What Games Are - Formalists and Zinesters- Why Formalism Is Not The Enemy.
Thanks The Indie Mine.
What you will also find, however, is people who have been around the
gaming block a few times. People who have seen this struggle over "what is a
game" happen before. People for whom the idea of a game that uses permadeath
to make a point is not startlingly original. People for whom the cleverness
of character reversal and the notion of play as self-loathing, or games that
demand to not be played, are ideas that they've seen before. People for whom
the debate has little or nothing to do with their own sense of power and
everything to do with trying to get to a better understanding. People to
whom zinesters seem intent on repeating a very old mistake.
Gamasutra: Michael Kelley's Blog - The Evolution and Rediscovery of Play in
And now for my favorite example of gamification vs. no gamification;
Stanford released a program in 2000 called Foldit@Home. It was a
screensaver-slash-distributed-computing-network and how it worked was that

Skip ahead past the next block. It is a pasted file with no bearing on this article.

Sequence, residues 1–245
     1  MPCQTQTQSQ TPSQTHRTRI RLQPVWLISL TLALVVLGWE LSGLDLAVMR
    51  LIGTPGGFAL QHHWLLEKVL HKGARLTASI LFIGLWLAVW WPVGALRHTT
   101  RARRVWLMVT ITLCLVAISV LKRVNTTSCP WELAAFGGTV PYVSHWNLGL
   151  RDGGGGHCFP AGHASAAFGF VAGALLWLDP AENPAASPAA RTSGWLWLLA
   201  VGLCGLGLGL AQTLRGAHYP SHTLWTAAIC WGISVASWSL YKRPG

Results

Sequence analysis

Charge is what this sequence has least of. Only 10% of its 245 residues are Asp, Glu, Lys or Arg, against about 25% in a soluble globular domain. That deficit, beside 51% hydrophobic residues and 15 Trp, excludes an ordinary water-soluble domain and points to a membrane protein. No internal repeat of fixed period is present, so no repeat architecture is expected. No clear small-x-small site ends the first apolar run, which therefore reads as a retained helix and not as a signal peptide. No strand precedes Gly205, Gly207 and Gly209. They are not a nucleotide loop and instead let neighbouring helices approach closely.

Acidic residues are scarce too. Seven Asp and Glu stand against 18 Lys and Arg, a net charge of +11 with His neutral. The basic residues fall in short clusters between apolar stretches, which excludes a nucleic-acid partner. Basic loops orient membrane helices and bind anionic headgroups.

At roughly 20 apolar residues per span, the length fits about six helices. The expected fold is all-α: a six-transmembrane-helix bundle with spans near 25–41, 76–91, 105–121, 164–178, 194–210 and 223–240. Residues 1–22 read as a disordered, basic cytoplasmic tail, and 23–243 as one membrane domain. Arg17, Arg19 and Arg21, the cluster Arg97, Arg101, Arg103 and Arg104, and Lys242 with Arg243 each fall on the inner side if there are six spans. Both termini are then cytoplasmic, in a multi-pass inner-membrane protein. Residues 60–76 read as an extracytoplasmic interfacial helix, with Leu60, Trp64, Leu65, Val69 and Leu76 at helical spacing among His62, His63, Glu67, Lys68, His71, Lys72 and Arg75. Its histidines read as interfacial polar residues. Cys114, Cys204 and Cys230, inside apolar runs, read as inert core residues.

when your computer's screensaver activated as a result of user inactivity,
it downloaded a protein structure and started folding it and reported the
results back to Stanford. It visually demonstrated the folding, it was
brilliant, it remains today one of the largest, fastest computational
systems in the world, and, as far as I know, in over a decade it has
accomplished very little.
Now, in stark contrast, the University of Washington's Center for Game
Science in collaboration w/ the University's Department of Biochemistry,
developed an online puzzle video game about protein folding. A “score” is
calculated according to how well-folded the protein is and boasts a very
competitive leader board. Foldit's community of players helped to decipher
the crystal structure of the Mason-Pfizer AIDS virus. American play
accomplished in ten days a solution that stumped scientists for 15 years.
Surely that was a fluke though, right? Well, a few months later the
community re-engineered an enzyme that catalyzes the Diels-Alder reactions.
Their re-engineered enzyme increased reactivity 18 fold.